Dealing with the grief pandemic

31 May, 2021

In these times of loss and mourning, how can leaders support their team members?

Over a year into the pandemic, everyone I know is coping with some kind of loss. For so many people, tragedy has struck close to home, taking away a family member, friend or close colleague. For others, grief has arrived in the form of a collective mourning for all the lives lost, for all the suffering around us. As Gianpiero Petriglieri observes poignantly in his Harvard Business Review piece:

These days are so full of loss – of loved ones, of work, of proximity, of a way of life.

In pre-COVID times, people had a chance to mourn together, to participate in certain rituals that helped them process their grief. At the office, too, comfort was offered organically, perhaps in the form of caring co-workers bringing home-cooked food or simply sitting quietly with a team member who was grieving. That is no longer the case, as Petriglieri notes: 

This year, grief is everywhere…but we have nowhere to mourn, except online. With social and working lives going virtual many have lost access to familiar customs, gatherings, and routines that used to comfort the bereft. Those combined losses can put us at risk, and they require managing.

So, this week, my message focuses on how leaders can support their teams as they cope with loss.

With its routine-oriented nature, work can offer much-needed stability amidst grief.

In order to facilitate healthy mourning, however, leaders need to shift workplace culture to be more open towards difficult feelings. Sharing grief isn’t a common practice at the workplace – we generally mourn in private, away from the gaze of our co-workers.

Anna Ranieri, a former counsellor for corporates, explores the reason for this reticence in her HBR article:

Because we may worry that that personal grief may be seen as unseemly at work and worrisome to our colleagues…that our tears or sadness seem unprofessional, or that our minds are simply not in the right place for the time being. So we may soldier on alone or try to exhibit only an upbeat persona at work while accepting the kind wishes of our co-workers with a “Thanks, I’m doing better. How did the staff meeting go?”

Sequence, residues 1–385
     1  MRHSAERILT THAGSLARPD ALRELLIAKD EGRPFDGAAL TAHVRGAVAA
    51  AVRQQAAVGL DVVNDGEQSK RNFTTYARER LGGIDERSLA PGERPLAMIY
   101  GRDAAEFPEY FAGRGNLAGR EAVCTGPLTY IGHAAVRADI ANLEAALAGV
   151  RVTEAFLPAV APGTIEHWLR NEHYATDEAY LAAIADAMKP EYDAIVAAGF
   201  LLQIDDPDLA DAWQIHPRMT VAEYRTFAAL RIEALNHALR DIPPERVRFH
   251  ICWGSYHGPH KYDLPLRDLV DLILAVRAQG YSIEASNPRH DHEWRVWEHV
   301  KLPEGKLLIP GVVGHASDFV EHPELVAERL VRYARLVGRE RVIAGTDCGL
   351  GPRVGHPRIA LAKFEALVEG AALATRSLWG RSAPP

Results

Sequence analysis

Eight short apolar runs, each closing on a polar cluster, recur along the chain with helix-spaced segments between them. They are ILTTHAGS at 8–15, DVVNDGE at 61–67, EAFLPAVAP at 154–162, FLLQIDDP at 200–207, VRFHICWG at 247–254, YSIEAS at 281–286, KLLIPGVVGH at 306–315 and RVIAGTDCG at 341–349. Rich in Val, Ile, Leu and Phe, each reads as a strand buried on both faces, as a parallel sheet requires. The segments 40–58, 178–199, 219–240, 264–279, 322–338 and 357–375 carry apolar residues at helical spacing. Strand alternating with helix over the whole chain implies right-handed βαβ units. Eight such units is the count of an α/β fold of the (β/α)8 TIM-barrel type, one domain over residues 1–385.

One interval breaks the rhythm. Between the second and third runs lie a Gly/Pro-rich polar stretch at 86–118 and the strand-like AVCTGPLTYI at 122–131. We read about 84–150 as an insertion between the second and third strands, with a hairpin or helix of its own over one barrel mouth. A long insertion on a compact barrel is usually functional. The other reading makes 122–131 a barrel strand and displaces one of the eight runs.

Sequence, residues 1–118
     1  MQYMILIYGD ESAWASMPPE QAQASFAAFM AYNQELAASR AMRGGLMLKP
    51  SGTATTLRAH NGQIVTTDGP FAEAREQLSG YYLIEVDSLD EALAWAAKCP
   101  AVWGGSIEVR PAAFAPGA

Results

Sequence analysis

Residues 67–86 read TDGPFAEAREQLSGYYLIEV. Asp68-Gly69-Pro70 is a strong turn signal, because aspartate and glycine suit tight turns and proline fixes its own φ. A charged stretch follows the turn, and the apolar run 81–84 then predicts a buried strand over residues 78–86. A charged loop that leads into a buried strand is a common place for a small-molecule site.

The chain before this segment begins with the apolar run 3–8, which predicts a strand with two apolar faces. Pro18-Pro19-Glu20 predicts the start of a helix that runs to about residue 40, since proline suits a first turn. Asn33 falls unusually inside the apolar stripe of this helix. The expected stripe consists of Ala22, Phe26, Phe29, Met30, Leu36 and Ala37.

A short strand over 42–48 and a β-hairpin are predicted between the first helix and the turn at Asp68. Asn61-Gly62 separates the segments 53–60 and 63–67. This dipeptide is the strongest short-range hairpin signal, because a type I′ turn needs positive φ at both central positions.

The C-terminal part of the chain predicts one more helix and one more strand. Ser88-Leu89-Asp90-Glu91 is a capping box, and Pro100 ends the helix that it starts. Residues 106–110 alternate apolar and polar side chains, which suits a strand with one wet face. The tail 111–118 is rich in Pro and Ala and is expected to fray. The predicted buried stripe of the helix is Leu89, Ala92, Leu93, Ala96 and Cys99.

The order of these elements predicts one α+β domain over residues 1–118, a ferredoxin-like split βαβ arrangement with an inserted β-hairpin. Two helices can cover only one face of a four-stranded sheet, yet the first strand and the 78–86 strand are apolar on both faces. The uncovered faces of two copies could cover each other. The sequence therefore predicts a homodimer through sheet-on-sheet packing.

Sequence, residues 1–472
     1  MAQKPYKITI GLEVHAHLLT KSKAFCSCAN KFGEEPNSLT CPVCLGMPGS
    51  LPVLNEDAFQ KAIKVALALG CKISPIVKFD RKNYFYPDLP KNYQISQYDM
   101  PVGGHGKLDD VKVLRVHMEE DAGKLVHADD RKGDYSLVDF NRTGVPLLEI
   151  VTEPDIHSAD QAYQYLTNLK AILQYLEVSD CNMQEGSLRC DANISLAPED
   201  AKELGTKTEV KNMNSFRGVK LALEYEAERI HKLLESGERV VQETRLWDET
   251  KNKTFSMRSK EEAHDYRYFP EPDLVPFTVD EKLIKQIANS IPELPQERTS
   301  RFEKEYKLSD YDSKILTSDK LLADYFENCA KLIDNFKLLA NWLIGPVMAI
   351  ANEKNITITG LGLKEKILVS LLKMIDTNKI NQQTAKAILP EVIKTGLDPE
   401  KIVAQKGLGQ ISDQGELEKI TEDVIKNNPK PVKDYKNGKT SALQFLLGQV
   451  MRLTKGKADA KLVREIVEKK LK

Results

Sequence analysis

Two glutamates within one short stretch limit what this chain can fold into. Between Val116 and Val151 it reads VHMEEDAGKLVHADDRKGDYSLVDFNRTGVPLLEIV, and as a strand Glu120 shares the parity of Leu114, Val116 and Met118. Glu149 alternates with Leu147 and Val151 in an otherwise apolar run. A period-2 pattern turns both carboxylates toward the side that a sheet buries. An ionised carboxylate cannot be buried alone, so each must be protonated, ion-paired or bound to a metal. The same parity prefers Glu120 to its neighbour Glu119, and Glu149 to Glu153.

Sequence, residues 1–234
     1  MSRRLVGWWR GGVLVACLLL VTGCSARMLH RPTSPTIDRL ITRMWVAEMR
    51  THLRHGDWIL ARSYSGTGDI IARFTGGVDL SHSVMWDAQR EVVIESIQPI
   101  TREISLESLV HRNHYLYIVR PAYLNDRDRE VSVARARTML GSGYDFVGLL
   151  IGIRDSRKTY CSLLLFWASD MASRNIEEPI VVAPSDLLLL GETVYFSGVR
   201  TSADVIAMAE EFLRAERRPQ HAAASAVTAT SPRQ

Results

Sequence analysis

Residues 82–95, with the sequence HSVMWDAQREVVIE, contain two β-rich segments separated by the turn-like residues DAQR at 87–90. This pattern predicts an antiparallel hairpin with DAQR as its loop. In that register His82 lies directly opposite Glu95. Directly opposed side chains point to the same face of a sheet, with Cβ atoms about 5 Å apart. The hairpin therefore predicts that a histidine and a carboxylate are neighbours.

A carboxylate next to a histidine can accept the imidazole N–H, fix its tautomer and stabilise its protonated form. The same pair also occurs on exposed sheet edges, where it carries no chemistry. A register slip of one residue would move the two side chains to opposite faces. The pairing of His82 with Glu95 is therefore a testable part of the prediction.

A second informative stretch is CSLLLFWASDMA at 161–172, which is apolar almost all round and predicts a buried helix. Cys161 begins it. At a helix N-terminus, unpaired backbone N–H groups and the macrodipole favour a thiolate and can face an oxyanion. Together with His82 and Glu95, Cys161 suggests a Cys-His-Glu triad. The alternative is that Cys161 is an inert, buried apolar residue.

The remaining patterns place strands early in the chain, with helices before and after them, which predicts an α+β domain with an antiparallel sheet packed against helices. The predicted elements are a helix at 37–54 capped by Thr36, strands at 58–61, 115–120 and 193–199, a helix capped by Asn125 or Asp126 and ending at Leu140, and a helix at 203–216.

When loss isn’t openly acknowledged, socially validated and publicly mourned, it mutates into “disenfranchised grief”. As people withdraw into their shells, unable to process through their feelings in a natural way, the mourning period stretches indefinitely. Work performance dips, and loyalty is eroded. Conversely, when employees are given adequate support during the mourning process, it increases their wellbeing, productivity and loyalty to the organisation.

Here are nine ways in which leaders can help team members manage their grief:

1. Acknowledge loss.

Employees take the lead from their manager. If you pretend like everything is normal, they will feel compelled to do the same. If you appear uncomfortable when someone talks about illness or death, they will put on a smile even if they’re dealing with a personal tragedy. Leaders can break through this unhealthy taboo by acknowledging loss. This is especially crucial for teams who have lost one of their own. As Ranieri explains, there are benefits to grieving together: 

It’s important for the group to communicate the situation that they’re in, both internally and to the outside world: “We have lost our colleague and we are in mourning.” Internally, the group experiences a solidarity in proclaiming this; externally, those outside the team are informed so that they can offer their condolences, acknowledge their own feelings, and feel more connected on a human level to the team they have until now known only through their business transactions or the product they represent.

2. Make room for feelings.

As a leader, start the conversation by being open about your own feelings – sadness, anxiety, anger, frustration. Then invite your team members to share their emotions. Work should provide a setting where we can talk about our grief, and offer each other empathy and comfort. Managers whose teams are working remotely can bring the group together over video calls and even create a chat group for day-to-day check-ins.

3. Follow up with individuals.

Along with collective discussions, it’s also important to check in specifically with those team members who have suffered a loss. In her book, Option B, Sheryl Sandberg talks about grief as the elephant in the room. When she met friends or colleagues who didn’t mention the recent loss of her husband or ask how she was doing, she felt invisible and isolated. This usually happens because people don’t know what to say, or they feel awkward bringing up the subject. As leaders, we need to be better about broaching these difficult topics so our team members know we care and that we’re here for them.